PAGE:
For spring break, we planned a crazy circuitous route around Ireland. We started by driving to Holyhead, Wales to board a ferry that would take us to the port in Dublin. I’ve never been aboard a ferry before, but because the trip is a little over three hours, the ship is more of a mini-cruise ship. Two floors were dedicated to entertaining guests with a place to eat, a bar, a duty-free shop, and a small cinema, giving something for everyone in the family. We took the eight a.m. ferry and were in Dublin just after noon. While we travelled, we ate breakfast, my son watched a movie in the cinema, and the rest of us alternated between walking on the deck and working/homework.
Once in Dublin, we met the rest of our travelling party at Jervis shopping centre, checked into the flats where we would be staying, and a large part of our party went to the Jameson distillery for a tour while I stayed with the children. (I’m trying to get my husband to write a guest post for the tours he took that I didn’t.)
The next morning, we walked to Trinity College to see the Book of Kells and the Long Room. The Book of Kells is an illuminated manuscript made in the 9th century and details the four Gospels containing the life of Jesus. It is displayed along with other artefacts and very interesting, though you can’t take photos of the book. You can take photos in the old library long room, which is gorgeous and it’s nice to just sit and take in the surroundings.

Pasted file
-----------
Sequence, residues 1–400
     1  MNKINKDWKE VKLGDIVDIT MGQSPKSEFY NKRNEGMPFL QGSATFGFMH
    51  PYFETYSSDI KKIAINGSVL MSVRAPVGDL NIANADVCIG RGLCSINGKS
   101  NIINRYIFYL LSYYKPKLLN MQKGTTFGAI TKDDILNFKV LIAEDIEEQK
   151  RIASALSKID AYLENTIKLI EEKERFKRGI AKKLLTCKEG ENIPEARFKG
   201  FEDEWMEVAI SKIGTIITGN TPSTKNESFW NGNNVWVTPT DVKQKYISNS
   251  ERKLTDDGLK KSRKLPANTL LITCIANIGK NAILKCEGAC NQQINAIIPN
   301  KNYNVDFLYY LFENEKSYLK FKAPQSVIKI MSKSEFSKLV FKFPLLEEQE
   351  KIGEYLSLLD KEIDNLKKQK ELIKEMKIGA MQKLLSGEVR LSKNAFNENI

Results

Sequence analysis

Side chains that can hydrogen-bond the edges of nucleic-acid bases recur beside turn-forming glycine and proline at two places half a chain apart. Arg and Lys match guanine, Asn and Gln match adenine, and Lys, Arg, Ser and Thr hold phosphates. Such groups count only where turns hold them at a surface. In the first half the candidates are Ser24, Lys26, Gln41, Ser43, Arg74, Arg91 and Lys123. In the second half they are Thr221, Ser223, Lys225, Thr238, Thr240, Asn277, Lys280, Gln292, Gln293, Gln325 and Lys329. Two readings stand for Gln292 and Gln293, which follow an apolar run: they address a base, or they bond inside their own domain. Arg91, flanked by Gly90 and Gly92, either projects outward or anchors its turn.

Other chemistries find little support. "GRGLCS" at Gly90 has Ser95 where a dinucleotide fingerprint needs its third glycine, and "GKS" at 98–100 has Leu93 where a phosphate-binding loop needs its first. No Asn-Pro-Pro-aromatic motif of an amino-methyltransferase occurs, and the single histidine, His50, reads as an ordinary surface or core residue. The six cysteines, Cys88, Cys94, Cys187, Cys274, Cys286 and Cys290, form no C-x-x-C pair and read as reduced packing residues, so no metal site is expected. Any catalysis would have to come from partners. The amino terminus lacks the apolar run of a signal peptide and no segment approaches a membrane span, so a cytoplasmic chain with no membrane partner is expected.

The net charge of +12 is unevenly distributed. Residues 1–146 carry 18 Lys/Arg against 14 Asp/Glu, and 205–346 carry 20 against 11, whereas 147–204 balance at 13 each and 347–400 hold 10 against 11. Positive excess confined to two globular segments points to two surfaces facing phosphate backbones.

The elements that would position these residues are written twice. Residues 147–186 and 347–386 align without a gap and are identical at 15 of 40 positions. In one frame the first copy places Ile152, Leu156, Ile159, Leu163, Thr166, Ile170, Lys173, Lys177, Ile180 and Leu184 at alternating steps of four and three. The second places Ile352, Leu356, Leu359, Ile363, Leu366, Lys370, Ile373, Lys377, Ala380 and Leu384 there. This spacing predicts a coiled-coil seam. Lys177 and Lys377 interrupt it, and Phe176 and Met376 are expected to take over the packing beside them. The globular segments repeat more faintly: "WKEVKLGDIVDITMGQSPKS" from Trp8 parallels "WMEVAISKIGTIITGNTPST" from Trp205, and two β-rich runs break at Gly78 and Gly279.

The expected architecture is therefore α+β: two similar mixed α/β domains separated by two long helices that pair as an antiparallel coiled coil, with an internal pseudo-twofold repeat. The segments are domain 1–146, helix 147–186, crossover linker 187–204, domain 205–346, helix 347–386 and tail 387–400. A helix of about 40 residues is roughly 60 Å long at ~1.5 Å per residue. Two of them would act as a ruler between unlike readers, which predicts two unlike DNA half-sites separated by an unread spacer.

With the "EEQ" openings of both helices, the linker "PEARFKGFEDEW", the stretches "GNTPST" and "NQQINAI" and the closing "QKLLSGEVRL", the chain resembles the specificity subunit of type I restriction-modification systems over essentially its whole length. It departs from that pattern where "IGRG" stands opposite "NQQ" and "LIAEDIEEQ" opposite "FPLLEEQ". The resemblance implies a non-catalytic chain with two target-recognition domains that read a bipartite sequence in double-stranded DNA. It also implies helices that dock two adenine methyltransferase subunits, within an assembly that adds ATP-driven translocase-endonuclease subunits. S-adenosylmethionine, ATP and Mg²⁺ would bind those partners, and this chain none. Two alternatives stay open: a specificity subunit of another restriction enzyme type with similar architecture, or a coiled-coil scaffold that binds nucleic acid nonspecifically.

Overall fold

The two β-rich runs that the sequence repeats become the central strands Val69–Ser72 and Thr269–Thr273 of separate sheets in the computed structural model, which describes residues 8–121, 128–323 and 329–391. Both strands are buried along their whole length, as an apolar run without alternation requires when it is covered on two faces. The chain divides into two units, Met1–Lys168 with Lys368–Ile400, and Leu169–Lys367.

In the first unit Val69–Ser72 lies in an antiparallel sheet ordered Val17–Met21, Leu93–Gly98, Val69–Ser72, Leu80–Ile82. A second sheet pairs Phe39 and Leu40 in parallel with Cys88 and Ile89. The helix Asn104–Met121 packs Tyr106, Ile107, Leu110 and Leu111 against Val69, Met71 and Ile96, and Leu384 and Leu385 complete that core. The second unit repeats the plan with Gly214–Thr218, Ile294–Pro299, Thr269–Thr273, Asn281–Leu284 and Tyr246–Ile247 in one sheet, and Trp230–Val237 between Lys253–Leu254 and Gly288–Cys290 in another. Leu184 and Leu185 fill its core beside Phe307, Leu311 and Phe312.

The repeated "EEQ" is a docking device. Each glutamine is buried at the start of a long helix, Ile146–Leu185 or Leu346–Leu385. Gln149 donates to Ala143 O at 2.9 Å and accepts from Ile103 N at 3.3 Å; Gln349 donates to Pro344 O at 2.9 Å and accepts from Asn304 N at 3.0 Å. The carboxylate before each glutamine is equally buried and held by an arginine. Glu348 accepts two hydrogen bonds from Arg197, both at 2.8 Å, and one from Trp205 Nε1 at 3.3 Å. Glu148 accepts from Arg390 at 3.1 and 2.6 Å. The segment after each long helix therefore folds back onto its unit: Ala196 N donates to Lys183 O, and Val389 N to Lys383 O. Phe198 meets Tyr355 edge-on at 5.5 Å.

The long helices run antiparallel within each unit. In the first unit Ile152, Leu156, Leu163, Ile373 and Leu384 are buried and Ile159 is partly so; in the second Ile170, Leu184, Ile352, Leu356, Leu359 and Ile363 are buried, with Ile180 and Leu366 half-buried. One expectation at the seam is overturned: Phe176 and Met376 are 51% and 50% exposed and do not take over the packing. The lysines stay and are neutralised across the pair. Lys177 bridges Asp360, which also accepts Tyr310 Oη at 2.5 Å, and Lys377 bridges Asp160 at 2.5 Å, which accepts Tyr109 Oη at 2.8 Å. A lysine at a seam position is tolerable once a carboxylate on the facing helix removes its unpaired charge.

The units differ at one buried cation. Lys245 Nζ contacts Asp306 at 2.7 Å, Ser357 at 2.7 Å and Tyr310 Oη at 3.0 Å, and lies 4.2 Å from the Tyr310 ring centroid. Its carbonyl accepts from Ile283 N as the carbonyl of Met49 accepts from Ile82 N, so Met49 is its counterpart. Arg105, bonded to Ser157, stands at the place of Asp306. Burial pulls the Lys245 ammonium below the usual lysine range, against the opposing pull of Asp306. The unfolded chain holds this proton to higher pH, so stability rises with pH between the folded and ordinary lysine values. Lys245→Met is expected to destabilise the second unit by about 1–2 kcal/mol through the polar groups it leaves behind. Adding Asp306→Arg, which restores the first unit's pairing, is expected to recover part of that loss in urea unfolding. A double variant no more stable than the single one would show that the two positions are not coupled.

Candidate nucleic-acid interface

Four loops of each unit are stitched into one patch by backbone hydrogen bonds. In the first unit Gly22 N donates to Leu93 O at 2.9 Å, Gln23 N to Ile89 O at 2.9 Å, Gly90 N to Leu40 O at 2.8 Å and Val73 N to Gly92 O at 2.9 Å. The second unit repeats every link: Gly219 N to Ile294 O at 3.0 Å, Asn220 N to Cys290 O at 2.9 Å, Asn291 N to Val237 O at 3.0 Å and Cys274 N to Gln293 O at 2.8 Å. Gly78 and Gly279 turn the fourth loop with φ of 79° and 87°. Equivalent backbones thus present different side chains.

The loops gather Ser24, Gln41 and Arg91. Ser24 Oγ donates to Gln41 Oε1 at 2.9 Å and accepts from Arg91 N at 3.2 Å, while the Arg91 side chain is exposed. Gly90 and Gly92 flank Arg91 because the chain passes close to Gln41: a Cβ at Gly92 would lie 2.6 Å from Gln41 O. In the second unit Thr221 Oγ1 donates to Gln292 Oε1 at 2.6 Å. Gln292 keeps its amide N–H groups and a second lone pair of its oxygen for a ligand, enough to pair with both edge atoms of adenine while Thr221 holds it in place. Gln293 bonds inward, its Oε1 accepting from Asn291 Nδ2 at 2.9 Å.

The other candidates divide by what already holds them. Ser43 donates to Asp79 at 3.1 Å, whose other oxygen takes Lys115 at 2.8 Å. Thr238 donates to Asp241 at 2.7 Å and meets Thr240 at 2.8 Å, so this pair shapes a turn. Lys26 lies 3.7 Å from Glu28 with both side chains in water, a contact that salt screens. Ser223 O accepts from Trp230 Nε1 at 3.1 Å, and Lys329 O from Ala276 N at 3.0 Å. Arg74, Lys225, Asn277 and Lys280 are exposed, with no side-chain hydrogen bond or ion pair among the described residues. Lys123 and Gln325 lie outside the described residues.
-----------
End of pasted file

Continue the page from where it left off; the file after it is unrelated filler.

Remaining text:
I definitely recommend purchasing your tickets ahead of your visit. We purchased ours online, which kept us out of the queue, but we still had a thirty minute wait until our show time. The manuscript was interesting and I loved the Long Room. I even found a Jane Austen link!
After Trinity College, we toured Christ Church Cathedral. Where the church sits began as a site of worship in 1028, and in 1108, the previous wooden structure was replaced with a stone building that was added to over time until it is what it is now.
Christ Church Cathedral also has the largest crypt in the UK and Ireland. Visitors can walk around inside the crypt and there are also a number of exhibits down there. It’s said that at one time part of the blanket from the manger was stored down there.
After, we walked down to St. Patrick’s Cathedral. History says St. Patrick baptised people on the site, which became a church in 890. The first cathedral was built between 1191 and 1212 and the current cathedral was built between 1220 and 1260. Like most large cathedrals, the original structure was added to over the years until it became what it is today.
The inside of both cathedrals was amazing and definitely worth seeing! We walked and took pictures until we didn’t know what to take pictures of anymore. After we ate dinner and returned to the flat to get some sleep for the next day.
Next up! Day 2 of Dublin!